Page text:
Aug 7, 2022
A funny thing happened on the way to the essay this week. I was distracted by feedback from a colleague on a workshop Jeremy Willets and I developed and delivered this week. We discuss why the phrase work entry describes how work gets to teams and organizations, and why “work intake” masks problems in the real world.
We also have a visit from Susan Parente and her Not A Scrumdamentalist column. This month Susan answers a listener's question about whether it makes sense for a Scrum Master to also play other roles on a team.
Do you have questions that you would like Susan, Jon, Jeremy, Tony, or myself to answer? Leave a voice message at 01.440.668.5717 or an email at email@example.com.
Re-read Saturday News
Chapter 4 of Coaching Agile Teams by Lyssa Adkins, discusses the idea that a team, individual, or organization follows a path from a learner to mastery to a teacher using the Shu Ha Ri metaphor. The concept of Shu Ha Ri represents a continuum of learning. In martial arts or any demonstrable activity, practitioners must learn and practice before they can take the next step forward. Carol Dweck, in her book Mindset, postulated that even the most gifted athletes need an open mindset to succeed in the long run. To progress across the continuum of learning everyone needs to put in the work. I suspect that for many, the Shu state is the hardest to accept because we all want to believe we are special and we are all impatient to meet the prize of mastery.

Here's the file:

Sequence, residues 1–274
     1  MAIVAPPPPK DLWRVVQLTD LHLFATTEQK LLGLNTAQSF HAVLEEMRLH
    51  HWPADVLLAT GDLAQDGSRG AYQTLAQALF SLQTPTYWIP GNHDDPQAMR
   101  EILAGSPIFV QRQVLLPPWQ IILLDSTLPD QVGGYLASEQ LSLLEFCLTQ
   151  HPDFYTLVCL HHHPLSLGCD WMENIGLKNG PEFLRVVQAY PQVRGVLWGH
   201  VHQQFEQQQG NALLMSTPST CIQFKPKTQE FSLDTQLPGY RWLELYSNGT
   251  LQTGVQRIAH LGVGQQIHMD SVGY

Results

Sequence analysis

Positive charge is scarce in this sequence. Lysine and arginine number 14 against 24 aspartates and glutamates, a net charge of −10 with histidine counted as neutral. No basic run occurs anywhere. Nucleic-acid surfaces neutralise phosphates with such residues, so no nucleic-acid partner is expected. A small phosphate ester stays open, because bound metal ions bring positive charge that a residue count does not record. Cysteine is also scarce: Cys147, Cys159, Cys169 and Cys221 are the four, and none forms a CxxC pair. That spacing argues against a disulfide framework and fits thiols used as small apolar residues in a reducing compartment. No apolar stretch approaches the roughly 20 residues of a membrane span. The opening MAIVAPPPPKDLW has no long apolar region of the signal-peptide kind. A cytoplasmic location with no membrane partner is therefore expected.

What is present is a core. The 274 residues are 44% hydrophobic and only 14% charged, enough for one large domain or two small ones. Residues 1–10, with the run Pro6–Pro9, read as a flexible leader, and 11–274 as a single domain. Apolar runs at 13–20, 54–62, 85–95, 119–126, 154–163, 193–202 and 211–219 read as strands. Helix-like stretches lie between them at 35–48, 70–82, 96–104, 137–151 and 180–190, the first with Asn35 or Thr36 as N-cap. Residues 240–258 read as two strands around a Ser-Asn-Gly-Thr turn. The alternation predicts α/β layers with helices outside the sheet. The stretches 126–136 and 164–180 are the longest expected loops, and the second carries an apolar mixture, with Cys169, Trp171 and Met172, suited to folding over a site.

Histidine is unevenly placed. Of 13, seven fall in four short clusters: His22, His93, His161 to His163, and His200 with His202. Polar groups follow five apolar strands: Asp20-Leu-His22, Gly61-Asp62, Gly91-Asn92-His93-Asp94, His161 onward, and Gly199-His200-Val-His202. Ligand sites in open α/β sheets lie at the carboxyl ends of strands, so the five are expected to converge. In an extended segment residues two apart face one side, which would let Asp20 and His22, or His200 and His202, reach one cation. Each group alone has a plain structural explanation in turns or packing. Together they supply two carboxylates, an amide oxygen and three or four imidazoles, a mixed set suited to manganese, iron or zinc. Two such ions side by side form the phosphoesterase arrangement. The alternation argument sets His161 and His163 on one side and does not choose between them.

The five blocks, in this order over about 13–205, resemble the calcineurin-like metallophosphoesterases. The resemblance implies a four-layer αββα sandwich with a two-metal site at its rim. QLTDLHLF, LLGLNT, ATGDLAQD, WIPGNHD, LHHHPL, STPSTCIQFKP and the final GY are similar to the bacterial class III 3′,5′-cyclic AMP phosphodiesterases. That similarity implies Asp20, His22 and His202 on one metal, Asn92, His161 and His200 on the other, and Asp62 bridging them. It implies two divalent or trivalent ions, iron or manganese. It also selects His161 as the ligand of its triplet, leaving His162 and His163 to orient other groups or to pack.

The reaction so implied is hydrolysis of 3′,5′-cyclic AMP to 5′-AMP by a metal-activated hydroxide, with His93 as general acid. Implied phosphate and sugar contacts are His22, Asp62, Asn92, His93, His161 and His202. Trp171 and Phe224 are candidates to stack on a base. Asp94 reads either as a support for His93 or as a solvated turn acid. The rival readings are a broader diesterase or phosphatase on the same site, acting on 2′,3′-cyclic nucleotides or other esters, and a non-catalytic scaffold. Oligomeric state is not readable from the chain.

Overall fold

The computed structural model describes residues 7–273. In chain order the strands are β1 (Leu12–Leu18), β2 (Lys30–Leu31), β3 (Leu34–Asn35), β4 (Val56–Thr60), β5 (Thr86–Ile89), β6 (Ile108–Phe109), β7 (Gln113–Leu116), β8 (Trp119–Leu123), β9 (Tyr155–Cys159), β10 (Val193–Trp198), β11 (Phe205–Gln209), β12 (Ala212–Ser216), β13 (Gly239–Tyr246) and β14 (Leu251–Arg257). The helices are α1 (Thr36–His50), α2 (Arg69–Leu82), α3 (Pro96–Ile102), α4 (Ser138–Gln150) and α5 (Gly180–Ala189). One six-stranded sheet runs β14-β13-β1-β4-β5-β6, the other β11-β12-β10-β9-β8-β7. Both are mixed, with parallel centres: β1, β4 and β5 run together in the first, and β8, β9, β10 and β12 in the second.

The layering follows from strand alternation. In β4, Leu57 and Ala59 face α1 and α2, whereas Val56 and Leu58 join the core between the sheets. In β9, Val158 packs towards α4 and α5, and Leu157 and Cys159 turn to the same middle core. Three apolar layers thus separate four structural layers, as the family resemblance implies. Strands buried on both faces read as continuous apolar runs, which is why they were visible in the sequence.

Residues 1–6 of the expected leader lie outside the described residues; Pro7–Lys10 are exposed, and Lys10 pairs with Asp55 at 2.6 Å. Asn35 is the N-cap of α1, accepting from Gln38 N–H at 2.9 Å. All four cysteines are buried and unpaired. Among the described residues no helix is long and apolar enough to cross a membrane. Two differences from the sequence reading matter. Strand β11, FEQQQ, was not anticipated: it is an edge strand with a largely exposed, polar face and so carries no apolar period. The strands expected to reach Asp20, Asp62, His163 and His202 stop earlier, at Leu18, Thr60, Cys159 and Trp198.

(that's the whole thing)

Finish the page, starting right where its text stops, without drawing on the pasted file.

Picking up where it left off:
Remember to buy a copy of Coaching Agile Teams by Lyssa Adkins (SPaMCAST Amazon affiliate line https://amzn.to/38G0ZD3) and read along!
The SPaMCAST 716 features our interview with Jeff Perry. Jeff and I talked about consciously guiding a career in technology. We also wrestled with the difference between a series of jobs and a career. Jeff delivers a ton of hard-won advice.